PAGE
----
Despite the appearance of modesty in Aylmer's claim
that it would be disruptive to nature to create what he is sure he can produce,
the very claim itself exemplifies his intellectual pride, a pride that shines
through the remainder of the passage, and the story as a whole.
Aylmer's prophetic dream illustrates that he
is more inclined to cherish his intellectual pursuits than the life of his
spouse. The fact that he dreams a dark future for himself yet pursues it,
underscores the chilliness of his own heart.
This passage illustrates the temptations to which
intellectuals are susceptible and to which Aylmer yielded even before meeting
Georgiana. Like Roger Chillingworth of The Scarlet Letter, Aylmer enters
marriage with a heart already so pledged to science that there remained little
room for regular human affections.
At the end, Georgiana dies; Aminadab, representative
of all that's gross and tainted, laughs in triumph; and Hawthorne-and Georgiana-offer
judgments of Aylmer's folly. Aylmer failed to appreciate that "the best the
earth could offer," is necessarily tainted with mortality, but that, as the
ending of the tale suggests, it may be possible to find the "perfect Future
in the present" by abandoning a pursuit of the ideal, noble as that pursuit
might be. One thinks, at this point of Owen Warland, the artist from "The
Artist of the Beautiful" and the "far other butterfly" he finds that, in the
end, brings him a kind of peace.
As this passage makes clear, the birthmark on
Georgiana's cheek "expressed the ineludible gripe, in which mortality clutches
the highest and purest of earthly mould." Aylmer's ambition, then, is nothing
short of immortality for Georgiana and his distaste for the birthmark can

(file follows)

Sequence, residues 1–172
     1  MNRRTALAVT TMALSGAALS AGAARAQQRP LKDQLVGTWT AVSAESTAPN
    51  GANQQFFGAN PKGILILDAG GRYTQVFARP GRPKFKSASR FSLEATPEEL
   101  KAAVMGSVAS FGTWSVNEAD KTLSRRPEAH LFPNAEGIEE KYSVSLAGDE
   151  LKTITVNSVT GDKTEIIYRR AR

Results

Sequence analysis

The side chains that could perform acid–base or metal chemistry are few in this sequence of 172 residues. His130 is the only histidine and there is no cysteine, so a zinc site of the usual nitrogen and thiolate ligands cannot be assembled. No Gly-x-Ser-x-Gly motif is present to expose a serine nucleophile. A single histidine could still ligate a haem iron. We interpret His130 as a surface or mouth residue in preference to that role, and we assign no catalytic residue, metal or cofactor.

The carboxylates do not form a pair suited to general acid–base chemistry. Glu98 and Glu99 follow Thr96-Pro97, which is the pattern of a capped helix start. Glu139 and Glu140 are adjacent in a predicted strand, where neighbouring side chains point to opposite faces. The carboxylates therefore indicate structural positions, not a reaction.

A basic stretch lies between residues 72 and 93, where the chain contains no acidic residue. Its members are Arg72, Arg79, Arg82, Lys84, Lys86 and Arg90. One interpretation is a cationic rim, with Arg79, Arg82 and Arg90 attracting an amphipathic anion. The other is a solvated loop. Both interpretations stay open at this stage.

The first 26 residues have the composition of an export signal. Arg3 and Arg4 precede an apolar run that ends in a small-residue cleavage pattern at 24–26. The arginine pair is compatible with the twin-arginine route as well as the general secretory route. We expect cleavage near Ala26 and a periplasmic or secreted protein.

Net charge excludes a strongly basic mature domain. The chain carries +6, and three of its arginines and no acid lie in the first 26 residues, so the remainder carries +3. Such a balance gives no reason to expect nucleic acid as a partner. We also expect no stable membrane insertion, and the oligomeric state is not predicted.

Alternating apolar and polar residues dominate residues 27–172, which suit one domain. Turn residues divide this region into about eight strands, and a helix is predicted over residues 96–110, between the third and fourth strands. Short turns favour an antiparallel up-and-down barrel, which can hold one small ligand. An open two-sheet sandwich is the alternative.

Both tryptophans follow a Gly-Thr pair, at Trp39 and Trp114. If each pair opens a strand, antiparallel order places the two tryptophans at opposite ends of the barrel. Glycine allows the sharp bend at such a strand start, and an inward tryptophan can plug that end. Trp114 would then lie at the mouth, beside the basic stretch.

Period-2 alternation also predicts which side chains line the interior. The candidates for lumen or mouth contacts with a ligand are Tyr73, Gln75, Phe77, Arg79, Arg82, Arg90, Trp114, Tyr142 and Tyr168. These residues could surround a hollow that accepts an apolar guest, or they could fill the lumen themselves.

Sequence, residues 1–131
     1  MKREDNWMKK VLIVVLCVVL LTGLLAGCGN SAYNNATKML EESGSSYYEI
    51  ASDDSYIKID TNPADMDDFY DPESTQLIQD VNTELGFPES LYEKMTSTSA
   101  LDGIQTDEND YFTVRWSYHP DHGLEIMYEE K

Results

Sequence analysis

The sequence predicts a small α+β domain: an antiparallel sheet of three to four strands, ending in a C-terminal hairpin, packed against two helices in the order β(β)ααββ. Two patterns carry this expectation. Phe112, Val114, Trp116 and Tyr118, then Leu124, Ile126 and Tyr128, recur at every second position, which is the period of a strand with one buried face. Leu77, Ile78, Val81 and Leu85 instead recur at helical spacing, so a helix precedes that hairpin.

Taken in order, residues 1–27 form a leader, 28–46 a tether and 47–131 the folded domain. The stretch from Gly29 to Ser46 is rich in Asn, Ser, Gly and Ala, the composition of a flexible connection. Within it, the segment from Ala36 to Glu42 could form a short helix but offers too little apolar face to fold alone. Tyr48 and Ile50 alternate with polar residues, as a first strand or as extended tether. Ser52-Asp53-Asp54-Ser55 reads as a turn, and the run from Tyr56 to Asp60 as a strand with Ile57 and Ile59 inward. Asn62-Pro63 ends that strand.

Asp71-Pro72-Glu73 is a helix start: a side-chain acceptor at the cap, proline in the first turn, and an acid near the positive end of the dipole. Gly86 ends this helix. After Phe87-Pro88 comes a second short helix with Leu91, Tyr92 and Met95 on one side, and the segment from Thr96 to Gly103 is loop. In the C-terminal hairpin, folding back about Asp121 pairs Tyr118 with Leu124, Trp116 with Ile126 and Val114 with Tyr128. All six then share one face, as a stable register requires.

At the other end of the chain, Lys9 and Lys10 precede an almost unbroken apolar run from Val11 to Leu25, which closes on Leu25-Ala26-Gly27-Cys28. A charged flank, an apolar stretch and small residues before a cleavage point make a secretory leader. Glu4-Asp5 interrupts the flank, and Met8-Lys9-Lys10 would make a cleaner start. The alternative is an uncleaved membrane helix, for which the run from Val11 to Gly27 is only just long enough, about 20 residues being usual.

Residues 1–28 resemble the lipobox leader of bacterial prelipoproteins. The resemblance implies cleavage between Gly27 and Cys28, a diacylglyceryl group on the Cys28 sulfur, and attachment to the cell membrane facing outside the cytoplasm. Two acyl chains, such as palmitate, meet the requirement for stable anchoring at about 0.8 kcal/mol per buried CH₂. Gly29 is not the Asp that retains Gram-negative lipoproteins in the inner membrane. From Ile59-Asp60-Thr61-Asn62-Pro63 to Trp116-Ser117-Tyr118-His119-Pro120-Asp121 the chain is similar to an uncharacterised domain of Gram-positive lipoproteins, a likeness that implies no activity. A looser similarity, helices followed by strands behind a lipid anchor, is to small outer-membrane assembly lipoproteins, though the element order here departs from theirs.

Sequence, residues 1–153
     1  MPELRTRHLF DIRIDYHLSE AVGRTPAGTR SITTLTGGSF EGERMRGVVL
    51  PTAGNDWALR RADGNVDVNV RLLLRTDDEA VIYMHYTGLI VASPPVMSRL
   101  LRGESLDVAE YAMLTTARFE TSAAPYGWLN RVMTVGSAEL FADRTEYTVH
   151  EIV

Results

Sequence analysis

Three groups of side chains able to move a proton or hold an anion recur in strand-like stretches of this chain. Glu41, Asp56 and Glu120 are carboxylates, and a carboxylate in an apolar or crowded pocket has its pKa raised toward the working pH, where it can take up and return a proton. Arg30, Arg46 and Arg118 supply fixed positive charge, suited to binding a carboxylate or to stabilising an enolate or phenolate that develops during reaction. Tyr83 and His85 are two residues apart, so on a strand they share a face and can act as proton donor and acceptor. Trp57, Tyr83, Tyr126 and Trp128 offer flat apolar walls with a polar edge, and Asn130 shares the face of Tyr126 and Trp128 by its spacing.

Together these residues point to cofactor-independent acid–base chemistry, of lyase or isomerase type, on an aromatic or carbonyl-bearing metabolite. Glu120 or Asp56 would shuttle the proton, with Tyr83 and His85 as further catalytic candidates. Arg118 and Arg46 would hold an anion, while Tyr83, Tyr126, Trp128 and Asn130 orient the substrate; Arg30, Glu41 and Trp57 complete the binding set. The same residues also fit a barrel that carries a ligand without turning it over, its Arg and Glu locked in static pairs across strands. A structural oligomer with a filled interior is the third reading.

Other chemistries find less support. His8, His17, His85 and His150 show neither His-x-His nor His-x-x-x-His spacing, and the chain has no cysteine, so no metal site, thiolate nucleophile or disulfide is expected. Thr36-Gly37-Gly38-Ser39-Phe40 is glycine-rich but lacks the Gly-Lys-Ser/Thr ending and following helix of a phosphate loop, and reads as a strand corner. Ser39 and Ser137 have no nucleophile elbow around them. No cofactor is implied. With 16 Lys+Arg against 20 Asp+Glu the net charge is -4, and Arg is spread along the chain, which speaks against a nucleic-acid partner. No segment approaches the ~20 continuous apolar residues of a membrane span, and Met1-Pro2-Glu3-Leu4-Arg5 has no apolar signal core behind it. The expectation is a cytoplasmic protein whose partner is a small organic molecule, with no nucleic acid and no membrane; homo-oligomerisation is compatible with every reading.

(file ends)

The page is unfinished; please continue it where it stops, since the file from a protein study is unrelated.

be understood as antipathy for her very mortality, the quality that, ironically,
makes her worth saving. To bring Georgiana to perfection is to bring her to
stasis, or death.
In his explanation to Georgiana of his ironically
named poison, "the Elixir of Immortality," Aylmer's pride powerfully shows
itself. The attitude he expresses is one demonstrative of the distance he
feels from the commonality of mankind.
In expressing utter confidence in his scientific
skill, Aylmer not only misleads Georgiana, but also places himself proudly
above Nature, purporting to repair what is imperfect in Nature's "fairest
work." In comparing himself to Pygmalion he suggests that for him Georgiana
is more object than companion and reminds the reader that where the myth moves
from death to life, this tale moves in the opposite direction.
In what may be Aylmer's most discouraging moment,
we see him almost coolly observing Georgiana as her body struggles with the
concoction he has prepared for her. His affection and concern for her, it
appears, are overridden by his pursuit of knowledge. Georgiana's last episode
becomes another entry in his chronicle of experiments.
That Georgiana is no mere victim is made clear
in this disturbing passage. She appears almost eager to sacrifice herself
on the altar of her husband's idealism, an impulse matching her husband's
pride and consistent with the characterization of herself she offers at her
death as "the best the earth could offer."